Despite censorship, Facebook denies it’s a media company
Facebook makes value judgements about what can appear in News Feed and what’s censored, but insists its a tech company not a media editor.
At TechCrunch Disrupt SF, writer Josh Constine sat down with Adam Mosseri, a VP at Facebook and head of News Feed, to hear more about how policies control what you see.
The talk started with Constine asking Mosseri much content people consume daily on their News Feed. Mosseri shared a new statistic, which is that the average Facebook users reads a little over 200 stories a day on their feed, which is about 10 percent of the 2,000 possible stories Facebook has to show them each day.
The average user consumes this News Feed content over 45 minutes a day. This number is still growing, which Mosseri says the company interprets as a signal that they are making News Feed better every day.
The conversation then moved to what kind of content is shared on Facebook most, original sharing (like photos of your friends) or a publisher sharing a story (like CNN). Mosseri noted that both types of sharing were still growing, but publisher sharing is growing at a much faster rate – which could explain why the average users may feel like their News Feed is dominated by content from big new publications.
But Mosseri also said that the company definitely understands that friends and family come first and seeing content from loved ones is why many people come to Facebook in the first place. So they are going to ensure there is a good mix, and content from your friends remains on your feed.
Constine then asked about internet addiction amongst users and if it is something Facebook is concerned about. Mosseri replied that while they don’t track addiction they track a user’s sentiment, and try to understand if people think their News Feed experience is time well spent. Essentially they aren’t worried about someone using Facebook too much (and getting addicted) as long as the person is having a meaningful experience.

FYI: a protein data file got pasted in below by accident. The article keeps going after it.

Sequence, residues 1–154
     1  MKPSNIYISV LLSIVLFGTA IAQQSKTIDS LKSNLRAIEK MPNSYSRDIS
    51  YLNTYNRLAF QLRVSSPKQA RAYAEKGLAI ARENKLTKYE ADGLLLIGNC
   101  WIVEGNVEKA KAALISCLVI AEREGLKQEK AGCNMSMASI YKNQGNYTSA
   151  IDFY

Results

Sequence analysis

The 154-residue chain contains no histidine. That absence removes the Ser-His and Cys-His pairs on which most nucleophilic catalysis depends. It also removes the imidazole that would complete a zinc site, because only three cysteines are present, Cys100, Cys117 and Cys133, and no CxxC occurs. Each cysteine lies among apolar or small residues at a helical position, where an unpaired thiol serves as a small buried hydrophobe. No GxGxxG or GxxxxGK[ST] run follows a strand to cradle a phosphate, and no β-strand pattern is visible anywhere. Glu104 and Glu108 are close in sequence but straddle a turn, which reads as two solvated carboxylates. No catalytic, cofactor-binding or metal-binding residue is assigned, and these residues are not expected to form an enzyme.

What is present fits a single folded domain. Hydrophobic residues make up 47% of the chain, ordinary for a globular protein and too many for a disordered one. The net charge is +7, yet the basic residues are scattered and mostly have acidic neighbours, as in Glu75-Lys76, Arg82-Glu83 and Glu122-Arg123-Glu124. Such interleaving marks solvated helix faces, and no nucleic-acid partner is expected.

When asked about Facebook firing its team of description-writing curators, and the impact on its Trending Topics product, Mosseri said “I think it’s better”. But he conceded that the product needs to improve its ability to block fake news, and says tech that Facebook built to squash hoaxes in the News Feed is being rolled out to Trending Topics now.
The talk ended by the two discussing the Philando Castile shooting video which Facebook had at first temporarily removed from the site, then replaced it saying a “technical glitch” was to blame for its short removal. Mosseri clarified that this glitch was Facebook’s algorithms miscategorizing the content and accidentally flagging it as something else, not a technical glitch like a server going down. ”
“We have a lot of systems in place that try and automatically detect content that violates our standards. And we actually had a, sort of a miscategorization, essentially, which is really a bug. And it really, really unfortunate…about such an important story at such an important moment.
I’m sure whatever the system was in place didn’t perform as was intended, and we shouldn’t have taken it down, we didn’t mean to.”
This brings up the question what place does Facebook have to censor content? While the company insists it’s not a media company, it effectively fills the shoes of an editor saying “yes or no” to each specific piece of content. If Facebook thinks something is important enough to see, even if it violates standard News Feed guidelines, they will still allow it – placing them in a position that is pretty damn close to being a media company.